No, I am being fully serious.I think you know full well what I mean. And I might lean toward thinking that you are being somewhat contentious.,
I don't know if you are being deliberately obtuse, contentious or really just don't understand...
An African, by blood is going to be varying shades of Black. Poles, Italians, English, Germans, by blood, are going to be White. Asians will have epicanthic folds. We are taking ancestry/bloodline, not nationality. Yes, if I were born and raised on Chinese soil, I would be Chinese by nationality, but not by ancestry.
I think this just isn't true, though. There are Africans who have been in Africa for generations - centuries even - who consider themselves African but have mainly European, or Middle Eastern, blood and appearance and would say that their ancestry is African. No, they're not the majority, but they do exist. And there are plenty of Italians who are not white. And there are different types of people in Asia.
If we're going by the "bloodline" argument, then we should assume that Australians and New Zealanders are Black, since that is what their aboriginal people are, and whites are only Australian by nationality.... Americans and Canadians are aboriginal. And Italians were not traditionally considered white and many have significant Arab and African bloodlines. There have been people of colour in Europe for generations. Britain has had Blacks since way back at the beginning of the slave trade. Are they not English enough still after generations and generations? What about Romany people who have been in Europe a long time but trace their ancestry to India? Don't they have Romany people in Poland? What about some of the Sephardic Jews in Europe with Semitic backgrounds? Or those descended from the Moors in Spain?
Also, when people say Black, they don't necessarily mean African. While the way we use it here implies African ancestry, people may use it while thinking primarily of Caribbean or Latin culture, too. And in the UK, Black also included South Asians until recently and still does for some people.
I don't think race is as clear-cut as that.
I think you said earlier your background is Belizean, so to me at least, Belize-Poland or Black-white go together, but Black-Poland don't, and I personally would find that more confusing for a child, but that's just me.
And the use of the term Black in the description of my daughter's ancestry refers to African. We all know that.
I don't get what the question is here?
Oh, and if you ask a White person what they are, they aren't going to say White. They are going to tell you their ancestry... We've had threads here that proved that point. The converse for many Blacks is unfortunately, not always an option. So, we instead point to a whole continent, since many are unable to point to a specific country. These things are general knowledge now, come on.
If using my China example, if I went around telling people I'm Chinese, you don't think people would be asking, "But, no, what are you really? What is your ancestry/bloodline?" Come on.
I don't know what you look like. But the book Return to the Middle Kingdom, by Yan-Tsung Chen, is about my great-uncle and his family. They are described as follows below. If you read it, you'd assume they are what people normally expect a Chinese person to look like. But in fact, Eugene's mother was Black and Eugene married a woman who was mostly Black, and pictures of Jack show him with dark skin and kinky hair. But he considered himself Chinese, lived and grew up in China, spoke Chinese fluently, married a Chinese woman, was involved in Chinese politics. He was Chinese and also Black.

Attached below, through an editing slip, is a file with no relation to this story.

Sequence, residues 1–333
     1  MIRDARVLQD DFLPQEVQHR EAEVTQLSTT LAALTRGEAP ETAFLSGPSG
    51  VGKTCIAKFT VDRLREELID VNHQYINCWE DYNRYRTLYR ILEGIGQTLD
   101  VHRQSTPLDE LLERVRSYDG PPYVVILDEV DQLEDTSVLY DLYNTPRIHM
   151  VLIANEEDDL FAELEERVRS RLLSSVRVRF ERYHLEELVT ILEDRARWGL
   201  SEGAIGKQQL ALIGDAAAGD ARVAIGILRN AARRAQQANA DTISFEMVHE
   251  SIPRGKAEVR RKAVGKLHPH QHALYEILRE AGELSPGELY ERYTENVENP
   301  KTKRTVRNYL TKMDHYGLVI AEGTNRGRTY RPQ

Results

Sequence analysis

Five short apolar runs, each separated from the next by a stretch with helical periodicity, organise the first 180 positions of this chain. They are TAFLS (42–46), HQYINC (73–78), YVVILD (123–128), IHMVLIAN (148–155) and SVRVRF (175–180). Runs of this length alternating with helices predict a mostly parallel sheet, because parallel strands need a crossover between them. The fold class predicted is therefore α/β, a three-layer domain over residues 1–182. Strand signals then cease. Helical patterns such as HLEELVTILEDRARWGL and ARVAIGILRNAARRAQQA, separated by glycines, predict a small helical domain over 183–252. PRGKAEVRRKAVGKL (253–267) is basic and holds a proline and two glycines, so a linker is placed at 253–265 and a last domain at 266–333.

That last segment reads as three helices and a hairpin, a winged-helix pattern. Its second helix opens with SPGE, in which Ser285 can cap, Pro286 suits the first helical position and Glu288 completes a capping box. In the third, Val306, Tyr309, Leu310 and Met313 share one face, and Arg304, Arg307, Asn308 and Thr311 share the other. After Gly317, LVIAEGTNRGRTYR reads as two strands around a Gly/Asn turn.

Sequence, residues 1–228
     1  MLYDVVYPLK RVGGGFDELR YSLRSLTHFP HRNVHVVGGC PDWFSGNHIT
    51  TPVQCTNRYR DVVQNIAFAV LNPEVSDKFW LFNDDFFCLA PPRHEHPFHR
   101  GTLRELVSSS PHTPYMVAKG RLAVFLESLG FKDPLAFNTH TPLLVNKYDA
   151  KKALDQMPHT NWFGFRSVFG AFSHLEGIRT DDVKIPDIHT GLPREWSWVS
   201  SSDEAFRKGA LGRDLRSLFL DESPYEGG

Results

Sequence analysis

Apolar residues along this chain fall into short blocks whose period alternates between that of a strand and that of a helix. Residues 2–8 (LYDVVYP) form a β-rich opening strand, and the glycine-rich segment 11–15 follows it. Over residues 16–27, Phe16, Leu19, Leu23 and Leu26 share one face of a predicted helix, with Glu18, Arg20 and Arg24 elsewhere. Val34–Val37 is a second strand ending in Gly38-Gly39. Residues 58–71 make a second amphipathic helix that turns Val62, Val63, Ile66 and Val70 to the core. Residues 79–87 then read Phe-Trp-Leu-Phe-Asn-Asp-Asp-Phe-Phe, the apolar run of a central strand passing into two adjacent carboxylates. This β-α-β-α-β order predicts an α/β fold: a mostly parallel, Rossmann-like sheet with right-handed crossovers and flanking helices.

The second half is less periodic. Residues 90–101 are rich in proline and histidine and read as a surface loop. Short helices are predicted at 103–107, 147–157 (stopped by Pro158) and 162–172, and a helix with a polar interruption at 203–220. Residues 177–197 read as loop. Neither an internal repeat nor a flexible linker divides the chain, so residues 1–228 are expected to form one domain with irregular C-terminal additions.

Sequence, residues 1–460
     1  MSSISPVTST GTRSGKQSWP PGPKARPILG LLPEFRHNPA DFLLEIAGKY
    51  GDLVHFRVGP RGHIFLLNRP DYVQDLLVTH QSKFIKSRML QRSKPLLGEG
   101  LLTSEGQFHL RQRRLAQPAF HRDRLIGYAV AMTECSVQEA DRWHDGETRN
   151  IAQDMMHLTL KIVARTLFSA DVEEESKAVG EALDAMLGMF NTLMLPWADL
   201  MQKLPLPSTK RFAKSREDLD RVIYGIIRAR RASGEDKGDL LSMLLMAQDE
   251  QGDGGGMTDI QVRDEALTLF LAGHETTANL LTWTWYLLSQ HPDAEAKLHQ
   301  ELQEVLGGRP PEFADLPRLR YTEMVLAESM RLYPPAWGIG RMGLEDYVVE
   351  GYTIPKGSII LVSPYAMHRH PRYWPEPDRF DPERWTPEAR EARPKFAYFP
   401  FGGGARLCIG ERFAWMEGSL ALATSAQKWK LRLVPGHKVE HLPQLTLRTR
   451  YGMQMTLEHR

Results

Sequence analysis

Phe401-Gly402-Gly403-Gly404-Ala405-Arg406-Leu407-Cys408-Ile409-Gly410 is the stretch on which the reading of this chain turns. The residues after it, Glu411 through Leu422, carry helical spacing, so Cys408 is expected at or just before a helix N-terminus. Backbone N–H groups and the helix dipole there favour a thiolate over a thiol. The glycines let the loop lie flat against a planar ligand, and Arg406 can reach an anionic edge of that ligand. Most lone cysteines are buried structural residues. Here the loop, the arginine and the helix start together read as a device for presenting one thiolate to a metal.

People have trouble with many aspects of other peoples' identities or assume people from certain countries look a particular way, but it doesn't make it the truth, and it doesn't make it ridiculous to say who you are if that is who you are. Isn't that the point of this thread - the right to self-identification? Why should my cousin Jack have had to say he was multiracial or Black or whatever if he felt he was Chinese?
In the spirit of the classic Wild Swans comes this epic tale spanning three generations and three separate revolutions. Mixing biography and history into a single ambitious story, Yuan-Tsung Chen views China’s rebirth in modern times from the perspective of her late husband’s family.
Ah Chen, a landless peasant, fought in the Taiping Rebellion against the Manchu court in 1850-64. But when Western powers helped crush the uprising, Chen was forced to flee to Trinidad as an indentured servant. Decades later, his son Eugene rose from poverty to become Trinidad’s first Chinese lawyer before moving to London, where he met Sun Yat-sen and became his close aide. Inspired by Sun, Eugene returned to China and led the 1911 revolution that overthrew its last dynasty.
Finally, Eugene’s son Jack—the author’s late husband—used his artistic and journalistic talents to illustrate and explain the Chinese Marxist Revolution to the outside world. When Jack (whose first language was not Chinese) was seized by the Red Guards during the Cultural Revolution, his wife Yuan-tsung was forced to serve as his translator during interrogations. Ordered to write a confession—“Go back three generations to see what crimes your family has committed against the revolution!”—Jack and Yuan-tsung began to piece together the family’s dramatic history.
Get used to me. Black, confident, cocky; my name, not yours; my religion, not yours; my goals, my own; get used to me. -Muhammad Ali
Last edited by Amneris; 08-07-2009 at 11:00 AM.